whatsagoodusername Sun 03-Aug-14 19:56:53

I also want to know how feeding a horse grass can kill it? Apples/carrots I understand, but not grass that would otherwise be the same, just out of reach.

hoobypickypicky Sun 03-Aug-14 20:02:02

Some horses don't react well to certain treats just as some people don't so the best option in the absence of hte owner is to offer the same sort of grass that they're eating on the other side of the fence if you want to.

The thing that horsey friends say to me, where their horses are in a field with a lot of passers by, is that it's ok with one person offering an apple but if several do it over a short period of time it could lead to illness and Mrs Bypasser doesn't know that 11 others have already given the horse something other than their regular diet that morning.

A flat hand, a stroke and you're fine! smile

But yes, unlike my cats, who wonder what the hell you thiink you're doing so much as making eye contact with them and view you with disdain, horses are prone to make you feel guilty for walking away! grin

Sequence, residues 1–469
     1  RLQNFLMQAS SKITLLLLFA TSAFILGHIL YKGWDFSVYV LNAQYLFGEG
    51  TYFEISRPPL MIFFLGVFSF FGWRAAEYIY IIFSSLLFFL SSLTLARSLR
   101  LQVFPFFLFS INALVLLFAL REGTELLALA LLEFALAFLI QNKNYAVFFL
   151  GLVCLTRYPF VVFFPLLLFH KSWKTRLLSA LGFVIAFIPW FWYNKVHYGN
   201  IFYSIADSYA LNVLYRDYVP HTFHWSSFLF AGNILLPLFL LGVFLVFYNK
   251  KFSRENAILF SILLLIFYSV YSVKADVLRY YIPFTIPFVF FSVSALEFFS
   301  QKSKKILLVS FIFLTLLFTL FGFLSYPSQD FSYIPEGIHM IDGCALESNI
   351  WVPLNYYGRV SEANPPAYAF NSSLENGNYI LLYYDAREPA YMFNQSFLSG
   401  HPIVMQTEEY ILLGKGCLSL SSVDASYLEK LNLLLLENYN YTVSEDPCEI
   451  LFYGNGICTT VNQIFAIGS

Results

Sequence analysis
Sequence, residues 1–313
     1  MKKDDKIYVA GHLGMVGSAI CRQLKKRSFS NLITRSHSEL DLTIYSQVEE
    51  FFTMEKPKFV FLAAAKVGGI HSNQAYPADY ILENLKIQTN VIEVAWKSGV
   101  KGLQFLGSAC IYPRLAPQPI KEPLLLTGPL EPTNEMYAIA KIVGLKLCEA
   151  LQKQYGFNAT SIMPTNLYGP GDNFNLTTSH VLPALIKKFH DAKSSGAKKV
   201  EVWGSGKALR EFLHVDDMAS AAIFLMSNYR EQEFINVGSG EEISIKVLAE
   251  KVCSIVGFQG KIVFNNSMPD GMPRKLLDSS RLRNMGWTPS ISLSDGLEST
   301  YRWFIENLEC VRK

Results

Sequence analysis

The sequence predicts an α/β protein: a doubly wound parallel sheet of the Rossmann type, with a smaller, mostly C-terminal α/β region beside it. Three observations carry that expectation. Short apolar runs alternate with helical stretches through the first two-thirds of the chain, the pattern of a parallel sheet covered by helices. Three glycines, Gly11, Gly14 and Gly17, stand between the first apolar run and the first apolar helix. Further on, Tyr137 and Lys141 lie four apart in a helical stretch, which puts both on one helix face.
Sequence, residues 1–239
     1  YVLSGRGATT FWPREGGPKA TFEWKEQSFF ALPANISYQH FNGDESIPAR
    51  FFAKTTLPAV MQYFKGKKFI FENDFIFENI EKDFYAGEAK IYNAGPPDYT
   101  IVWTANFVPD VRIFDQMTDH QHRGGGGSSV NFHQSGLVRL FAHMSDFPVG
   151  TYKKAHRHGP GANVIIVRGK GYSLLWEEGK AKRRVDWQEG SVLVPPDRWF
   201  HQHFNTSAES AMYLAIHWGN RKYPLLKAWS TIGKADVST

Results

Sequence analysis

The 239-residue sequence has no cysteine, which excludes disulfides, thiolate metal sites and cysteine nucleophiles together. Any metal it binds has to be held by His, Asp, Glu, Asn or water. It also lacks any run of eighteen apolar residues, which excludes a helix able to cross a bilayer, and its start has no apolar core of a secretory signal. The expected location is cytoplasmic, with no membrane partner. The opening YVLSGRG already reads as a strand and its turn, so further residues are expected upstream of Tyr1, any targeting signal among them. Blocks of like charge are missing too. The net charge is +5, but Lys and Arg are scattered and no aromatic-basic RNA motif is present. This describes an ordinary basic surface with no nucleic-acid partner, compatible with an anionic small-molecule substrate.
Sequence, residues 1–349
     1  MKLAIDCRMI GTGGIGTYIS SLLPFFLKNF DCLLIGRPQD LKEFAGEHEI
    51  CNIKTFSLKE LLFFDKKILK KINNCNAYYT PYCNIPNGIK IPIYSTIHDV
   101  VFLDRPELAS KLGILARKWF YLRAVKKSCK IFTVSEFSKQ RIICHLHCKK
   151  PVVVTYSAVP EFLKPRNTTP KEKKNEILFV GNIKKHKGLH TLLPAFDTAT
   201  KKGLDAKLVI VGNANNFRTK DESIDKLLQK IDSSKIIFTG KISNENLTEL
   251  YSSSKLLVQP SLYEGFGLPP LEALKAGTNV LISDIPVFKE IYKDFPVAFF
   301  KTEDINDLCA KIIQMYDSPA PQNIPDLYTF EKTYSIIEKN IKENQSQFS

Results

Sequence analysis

Picklepest Sun 03-Aug-14 20:16:48

The poster is wrong. It isn't freshly (that minute) grass that kills horses it's mown grass. It ferments. Builds gases in the tummy. Causes colic (stomach ache) where the guts twist. Horses can't be sick so it can kill. But mown, not fresh picked stuff.

Picklepest Sun 03-Aug-14 20:18:32

I got told off once by a farmer for not feeding his horse the bread from my sandwich. Didn't know bread was considered a horse treat. And some horses suck mints. The look of pleasure is marvellous. I knew one that sucked Guinness out of a can too.

futureponyclubmum Mon 04-Aug-14 20:54:20

ase don't feed the horses. You don't know if they are on a restricted diet and feeding treats by hand encourages them to be snappy or in a group squabble. Whilst most horses are well behaved in the stable but when they are off duty in the field they can be unpredictable (talking as someone who has been bitten, kicked and mown down flat over the years!) so I would admire and talk to them but not touch even over the fence, especially with your mum in a wheelchair who can't move out the way if one snaps at her.